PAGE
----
Sunday, May 27, 2012

What Exactly Is the Termination Rate For Babies With Down Syndrome?

Bristol Palin has apologized for an inaccurate statement about the termination rate of babies with  Down syndrome.  She has brought to light a very important discussion, that we at the IDSC have discussed in great detail in the past.  While she is right to correct this statement, we would like to clarify where she may have gotten that information.

Dr. Brian Skotko has been working on this issue for a long time.  Here is information directly from him, concerning the rate of termination.

1) Approximately 2% of pregnant women pursue amniocentesis and CVS each year (Greely, 2011). 

2) Among these women who get a definitive diagnosis of Down syndrome, how many choose to terminate their pregnancies? (Natoli et al., 2012)

a)  Of the 7 population-based studies conducted in 3 states (CA, HI, ME) between 1995-2011, selective terminations for Down syndrome ranged between 61-93%, with the average at 74%.

b) Of the 9 hospital-based studies conducted in 6 states (CA, CT, MA, MI, NY, SC) and DC between 1995-2011, selective terminations for Down syndrome ranged between 60-90%, with the average at 85%.  

c) The decision to terminate a pregnancy because of a prenatal diagnosis of Down syndrome is dependent upon multiple factors, with this review demonstrating that rates vary by region.  Overall, however, very few studies have been done, as this comprehensive review demonstrates that only 8 states and D.C. have compiled such data.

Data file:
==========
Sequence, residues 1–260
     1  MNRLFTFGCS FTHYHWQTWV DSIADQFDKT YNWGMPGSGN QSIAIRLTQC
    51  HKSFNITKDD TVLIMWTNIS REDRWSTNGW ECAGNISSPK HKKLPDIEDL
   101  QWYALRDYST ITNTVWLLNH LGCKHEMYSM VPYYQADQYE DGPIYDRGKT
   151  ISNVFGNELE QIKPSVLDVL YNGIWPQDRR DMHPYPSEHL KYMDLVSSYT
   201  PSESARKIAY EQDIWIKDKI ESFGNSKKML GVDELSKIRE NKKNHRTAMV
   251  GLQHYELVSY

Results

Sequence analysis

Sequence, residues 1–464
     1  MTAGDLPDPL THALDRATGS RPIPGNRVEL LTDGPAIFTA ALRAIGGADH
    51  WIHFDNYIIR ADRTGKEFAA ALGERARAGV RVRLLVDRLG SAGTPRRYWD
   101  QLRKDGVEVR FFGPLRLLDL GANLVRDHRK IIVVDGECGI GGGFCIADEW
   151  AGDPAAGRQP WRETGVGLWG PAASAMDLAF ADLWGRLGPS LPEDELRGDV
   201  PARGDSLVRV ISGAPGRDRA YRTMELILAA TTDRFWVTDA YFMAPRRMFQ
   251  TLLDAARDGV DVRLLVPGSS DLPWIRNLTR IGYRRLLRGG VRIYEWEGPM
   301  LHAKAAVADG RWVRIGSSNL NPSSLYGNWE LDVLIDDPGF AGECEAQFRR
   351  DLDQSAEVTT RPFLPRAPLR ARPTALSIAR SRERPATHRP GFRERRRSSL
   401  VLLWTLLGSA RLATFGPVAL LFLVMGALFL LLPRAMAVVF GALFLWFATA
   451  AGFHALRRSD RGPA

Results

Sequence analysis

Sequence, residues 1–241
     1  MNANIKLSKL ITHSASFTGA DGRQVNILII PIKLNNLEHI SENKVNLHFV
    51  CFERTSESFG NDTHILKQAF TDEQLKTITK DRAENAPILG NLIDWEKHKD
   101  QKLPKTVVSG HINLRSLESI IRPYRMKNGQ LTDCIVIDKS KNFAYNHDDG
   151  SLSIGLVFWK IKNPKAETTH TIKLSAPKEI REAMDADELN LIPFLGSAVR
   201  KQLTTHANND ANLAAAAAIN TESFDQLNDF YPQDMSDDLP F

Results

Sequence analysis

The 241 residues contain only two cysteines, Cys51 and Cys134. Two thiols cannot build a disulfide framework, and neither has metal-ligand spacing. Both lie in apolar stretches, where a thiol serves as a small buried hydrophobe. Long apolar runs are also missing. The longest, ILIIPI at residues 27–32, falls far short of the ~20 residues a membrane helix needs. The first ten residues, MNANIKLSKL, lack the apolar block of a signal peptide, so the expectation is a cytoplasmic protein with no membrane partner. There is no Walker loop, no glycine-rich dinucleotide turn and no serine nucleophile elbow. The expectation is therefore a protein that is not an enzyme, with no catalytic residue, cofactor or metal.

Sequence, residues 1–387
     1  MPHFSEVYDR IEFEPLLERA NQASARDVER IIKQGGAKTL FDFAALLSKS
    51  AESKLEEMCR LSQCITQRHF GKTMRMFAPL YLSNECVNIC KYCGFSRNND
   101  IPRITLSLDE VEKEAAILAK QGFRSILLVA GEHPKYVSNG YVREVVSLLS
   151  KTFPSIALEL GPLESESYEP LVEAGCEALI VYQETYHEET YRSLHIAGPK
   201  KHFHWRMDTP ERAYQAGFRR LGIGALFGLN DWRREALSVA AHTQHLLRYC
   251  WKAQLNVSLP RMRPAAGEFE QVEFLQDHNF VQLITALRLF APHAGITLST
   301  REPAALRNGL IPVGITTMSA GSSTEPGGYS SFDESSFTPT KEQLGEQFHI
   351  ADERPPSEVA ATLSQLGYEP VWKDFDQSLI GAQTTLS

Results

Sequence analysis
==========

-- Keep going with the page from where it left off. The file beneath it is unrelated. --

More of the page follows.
d) Of the 10 studies conducted worldwide between 1980-1988, approximately 92% of pregnancies were subsequently terminated after a prenatal diagnosis of Down syndrome was made (Mansfield et al., 1999).

e) Studies have not comprehensively looked at the trends of selective termination among those women who receive a definitive diagnosis of Down syndrome.    

3)  What impact do these selective terminations have on the overall birth rate of babies with Down syndrome in the U.S.?  Between 1989 and 2006, there have been an 11% decrease during a time period when there would have been a 42% increase.  Put another way, as of 2006, approximately 50% of fetuses with Down syndrome are terminated/50% of fetuses with Down syndrome are born (Egan et al., 2011).

So you can see with all of these numbers and statistics how a  person could make a mistake when quoting this information.  The board of the IDSC has issued statements about this in the past, and will continue to do so in the future. Our stance is this; what ever the termination rate actually is, one baby's life taken, because a mother was given out of date information and was pressured to take the life of her unborn baby, due to a diagnosis of Down syndrome, is one baby too many.